Thai hostages released by Hamas describe their captivity.
Welcome to VOA Asia Weekly. I'm Chris Casquejo in Washington. That story is just ahead, but first, making headlines:
The U.S. military announced late Wednesday it was grounding all of its Osprey V-22 helicopters after last week’s fatal crash off the coast of Japan. The U.S. Air Force said on Tuesday it has located the remains of six of the eight crew members and identified all eight.
Rescuers in Indonesia successfully evacuated all climbers this Wednesday after the eruption of Mount Marapi, one of Sumatra’s most active volcanoes. The Sunday eruption claimed the lives of 23 people. 75 climbers said they saw volcanic ash spewing into the sky, enveloping the area in plumes of smoke. On Wednesday, family and friends mourned a 20-year-old hiker who died in the eruption, holding a funeral ceremony at her home.
Cyclone Michaung struck Chennai on the southern Indian coast Tuesday with intense winds and heavy rain. The ensuing floods killed 13 people. Rescuers used inflatable rafts and ropes to evacuate survivors from their homes.
16 people died, and 12 others were injured when the driver of a passenger bus lost control on a downhill curve in a central Philippine mountain village, plunging into a deep ravine.
South Korea successfully launched a solid-fuel rocket Monday. It carried a satellite over the sea near Jeju Island. The launch was aimed at keeping pace with the growing space race with neighboring North Korea. Seoul officials stated that the satellite will serve civilian purposes, including environmental monitoring.
23 Thai nationals, held hostage by Hamas in Gaza for 50 days, have returned home. Despite their ordeal, some are considering returning to Israel due to low wages in their rural home areas. VOA’s Vijitra Duangdee reports from Thailand.
A homecoming for a survivor of horrors thousands of kilometers away.
Wichian Temthong started working on an Israeli avocado farm just six days before Hamas militants stormed kibbutz Sa’ad, killing seven other Thai migrant workers.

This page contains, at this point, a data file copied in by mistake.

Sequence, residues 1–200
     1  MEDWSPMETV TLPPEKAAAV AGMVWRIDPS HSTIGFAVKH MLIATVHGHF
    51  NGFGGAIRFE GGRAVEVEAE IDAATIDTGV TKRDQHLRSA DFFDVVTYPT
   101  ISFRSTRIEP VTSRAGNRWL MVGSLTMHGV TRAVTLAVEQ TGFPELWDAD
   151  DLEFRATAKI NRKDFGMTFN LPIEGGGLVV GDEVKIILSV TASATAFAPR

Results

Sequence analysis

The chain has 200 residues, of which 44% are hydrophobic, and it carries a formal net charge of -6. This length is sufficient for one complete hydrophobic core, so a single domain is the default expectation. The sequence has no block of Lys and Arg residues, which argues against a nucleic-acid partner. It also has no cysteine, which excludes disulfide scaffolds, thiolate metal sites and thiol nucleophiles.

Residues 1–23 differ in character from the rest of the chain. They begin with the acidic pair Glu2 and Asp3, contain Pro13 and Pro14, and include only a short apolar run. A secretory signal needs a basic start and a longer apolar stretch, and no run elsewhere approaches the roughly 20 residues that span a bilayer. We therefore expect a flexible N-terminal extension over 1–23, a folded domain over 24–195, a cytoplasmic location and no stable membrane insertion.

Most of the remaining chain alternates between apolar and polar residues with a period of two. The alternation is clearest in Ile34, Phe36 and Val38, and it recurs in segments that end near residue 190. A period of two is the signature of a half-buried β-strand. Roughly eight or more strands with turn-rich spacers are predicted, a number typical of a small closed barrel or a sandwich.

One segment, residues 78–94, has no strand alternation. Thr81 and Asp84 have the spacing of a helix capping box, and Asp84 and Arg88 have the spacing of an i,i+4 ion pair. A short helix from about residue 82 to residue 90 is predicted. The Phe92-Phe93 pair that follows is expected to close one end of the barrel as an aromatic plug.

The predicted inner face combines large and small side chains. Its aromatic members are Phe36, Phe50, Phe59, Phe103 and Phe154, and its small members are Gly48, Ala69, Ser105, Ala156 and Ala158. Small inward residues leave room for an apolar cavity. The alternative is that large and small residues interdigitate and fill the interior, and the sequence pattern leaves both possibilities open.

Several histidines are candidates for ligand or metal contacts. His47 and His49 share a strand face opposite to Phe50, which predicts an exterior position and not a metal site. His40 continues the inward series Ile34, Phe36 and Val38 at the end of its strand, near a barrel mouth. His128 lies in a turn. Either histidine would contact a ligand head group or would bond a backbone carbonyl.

He was taken hostage and held for seven weeks — a migrant worker from Thailand’s poorest region caught in someone else’s war.
He returned with 23 other Thais, freed during the now-lapsed cease-fire.
But nine more remain captive.
“I’ve had the warmest welcome from everyone. They’ve been coming to see me every day since I returned. It brought me to tears. My wife told me everyone’s been following the news. I had no idea as I didn’t see the light of the day for nearly two months. I’m just so happy to be back.”
Over 30,000 Thais worked in Israel before the Hamas assault.
39 Thais died in the raid, with 32 taken hostage in the bloody chaos.
Wichian — like the others who have returned — will not discuss the conditions of his capture while the other hostages remain inside Gaza.
Wichian is from Thailand's rice-producing Isan region, where average farm wages are $10 a day. In Israel, Thais can earn up to $1,700 a month.
Overseas work can be life-changing for Isan people, allowing migrants with little education to build a home or send their kids to college.
Hamas's kidnapping of Thai migrants has cast a spotlight on the poverty of millions of people in the Southeast Asian country.
As she waited at the airport for her cousin Khomkrit Chombua to return from Israel, Piyanus Phujuttu said Thailand’s low wages make overseas work inevitable for Isan’s people.
“My cousin just wanted to give his family a better life, give them a home, money.”
Now safe and at home, Khomkirt has also left the door open to return to the overseas workforce.
"I’m so happy to be back. It feels like I’ve been reborn. The whole village has welcomed me back."
Hard choices remain for Thailand's poorest people: Stay poor at home or risk their lives overseas.
Vijitra Duangdee, VOA News, Isan Region, Thailand.
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I’m Chris Casquejo.
Finally, one of the hottest food trends of the year in the U.S. is ube.
It’s a purple yam native to the Philippines, growing in popularity among kids in the DC area for its unique flavor and color.
“It tastes delicious. (Why do you like it?) It tastes like potatoes. It’s just great.”
But unlike in the Philippines, where ube is usually served in sweet dishes, an increasing number of Filipino American restaurants are using ube in dishes that aren’t sweet.
Thanks for watching VOA Asia Weekly.